Maui is our home. It is my home, where I grew up, where my mom lives and where I raise my children. The decisions that we at Hawaiian Commercial & Sugar Co. make every day are not only personal to the people of HC&S but an islandwide responsibility that we take seriously.
Several years ago, I had the opportunity to return home and earn a decent living on the island of Maui. For a local boy, opportunities like these are rare. Any commercial industry, especially on Maui, is limited, but HC&S has been cultivating and fostering agricultural growth for more than 140 years. As a result, HC&S has become a provider of water, power (from renewable resources), jobs and open space for the people of Maui. The positive impacts transcend to our island's economy and environment.
Many of us grew up with fields of sugar cane in our backyards and, at a young age, we all probably took for granted the importance of this industry. Whether it is harvesting the fields, operating machinery, studying crops or purchasing supplies from a local vendor, HC&S has been providing real financial opportunities for the people of Maui for as long as I can remember. HC&S also supports our important tourism industry on Maui by contributing to the rural landscape and ambiance that our visitors so enjoy.
In order to keep the sugar industry viable on Maui, we continuously look for ways to improve and to become more sustainable. New innovations and technologies are constantly being reviewed and tested. Whether it is crops to be converted into biofuel or alternative harvesting technology for our island, we are always working on ways to improve.
We know that our impact on the community is immense and we do not take this responsibility lightly. We are currently working closely with several national institutions to further pursue tropical biofuel production, assessing the most appropriate crop to grow and conversion technology for Maui. Just last week, HC&S hosted experts from more than 20 universities and research organizations to secure their input on potential green harvest and biofuel conversion technologies for HC&S.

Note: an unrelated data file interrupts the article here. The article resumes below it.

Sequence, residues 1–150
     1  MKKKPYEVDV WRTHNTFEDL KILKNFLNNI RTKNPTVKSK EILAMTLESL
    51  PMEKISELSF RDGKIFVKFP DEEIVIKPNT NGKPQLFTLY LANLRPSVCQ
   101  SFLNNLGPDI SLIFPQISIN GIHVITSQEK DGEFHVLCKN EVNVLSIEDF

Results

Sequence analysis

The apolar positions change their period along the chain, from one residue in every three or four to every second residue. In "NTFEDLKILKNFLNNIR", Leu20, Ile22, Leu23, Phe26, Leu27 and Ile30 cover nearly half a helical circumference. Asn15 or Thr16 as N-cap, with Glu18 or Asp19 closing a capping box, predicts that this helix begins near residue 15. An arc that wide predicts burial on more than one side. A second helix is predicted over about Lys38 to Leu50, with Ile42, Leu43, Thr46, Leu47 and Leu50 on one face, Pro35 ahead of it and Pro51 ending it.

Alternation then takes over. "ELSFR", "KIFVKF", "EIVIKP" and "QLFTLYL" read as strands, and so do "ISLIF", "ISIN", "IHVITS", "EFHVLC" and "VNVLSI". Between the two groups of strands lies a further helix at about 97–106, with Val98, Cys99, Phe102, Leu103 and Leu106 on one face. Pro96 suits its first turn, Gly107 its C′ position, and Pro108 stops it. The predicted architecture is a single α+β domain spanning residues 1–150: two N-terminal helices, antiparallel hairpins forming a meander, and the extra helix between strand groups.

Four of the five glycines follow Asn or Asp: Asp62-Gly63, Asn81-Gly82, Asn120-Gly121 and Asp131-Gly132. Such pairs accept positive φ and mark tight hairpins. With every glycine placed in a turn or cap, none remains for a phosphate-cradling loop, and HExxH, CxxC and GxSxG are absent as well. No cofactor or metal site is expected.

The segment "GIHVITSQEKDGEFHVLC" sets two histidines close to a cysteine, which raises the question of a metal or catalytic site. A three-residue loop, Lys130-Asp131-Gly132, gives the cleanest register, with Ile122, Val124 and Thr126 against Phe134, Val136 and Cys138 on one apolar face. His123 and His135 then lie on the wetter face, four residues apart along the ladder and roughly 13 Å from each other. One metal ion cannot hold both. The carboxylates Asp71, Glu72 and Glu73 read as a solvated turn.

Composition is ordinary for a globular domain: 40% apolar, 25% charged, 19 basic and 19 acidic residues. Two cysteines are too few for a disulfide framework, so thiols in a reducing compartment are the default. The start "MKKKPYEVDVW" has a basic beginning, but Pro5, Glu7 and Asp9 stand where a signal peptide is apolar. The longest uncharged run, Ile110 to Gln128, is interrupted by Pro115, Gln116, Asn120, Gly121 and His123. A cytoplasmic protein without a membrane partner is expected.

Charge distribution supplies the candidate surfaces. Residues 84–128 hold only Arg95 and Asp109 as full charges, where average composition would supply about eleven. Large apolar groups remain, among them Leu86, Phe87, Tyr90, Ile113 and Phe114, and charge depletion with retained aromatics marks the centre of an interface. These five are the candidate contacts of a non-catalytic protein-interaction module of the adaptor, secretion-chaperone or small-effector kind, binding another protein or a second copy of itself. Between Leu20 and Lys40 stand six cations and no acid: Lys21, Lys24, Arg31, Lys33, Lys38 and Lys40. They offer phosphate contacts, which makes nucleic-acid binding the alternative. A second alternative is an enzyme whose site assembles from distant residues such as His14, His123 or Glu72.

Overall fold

With opportunity comes responsibility and ownership.
For me, running HC&S is more than a job - it is a commitment to the health of our community at all levels. We are a leader in renewable energy on Maui and will continue to advocate for a green Maui through renewable energy and resource conservation. We will continue to train our friends and family, providing job skills so that they, too, can continue to live and thrive on the island they grew up on. As a 143-year old local company, HC&S is committed to the well-being and safety of Maui and its people.
Recently there have been a rash of unplanned fires in our sugar cane fields. These fires are dangerous not only for the county fire personnel and HC&S employees who respond, but the general public as well. Public safety and the safety of our employees are our No. 1 concern and we truly appreciate the county's proactive approach to find the person or people involved in setting these fires. We will assist the authorities in any way possible with their felony investigation, and we are reaching out to you, our community, for help. Anyone with information about the recent unscheduled fires in our fields, please call the public number for the Maui Police Department's Criminal Investigation Division at 244-6425.
Thank you for your patience during the recent fires and the sugar cane harvest season. We appreciate community efforts to see the bigger picture - that agriculture is part of the very fabric of Maui, woven into the economic, social, cultural and environmental foundations of this island.
Let's work together as a community to further the success of agriculture because Maui is our home.
* Rick Volner is the general manager of Hawaiian Commercial & Sugar Co.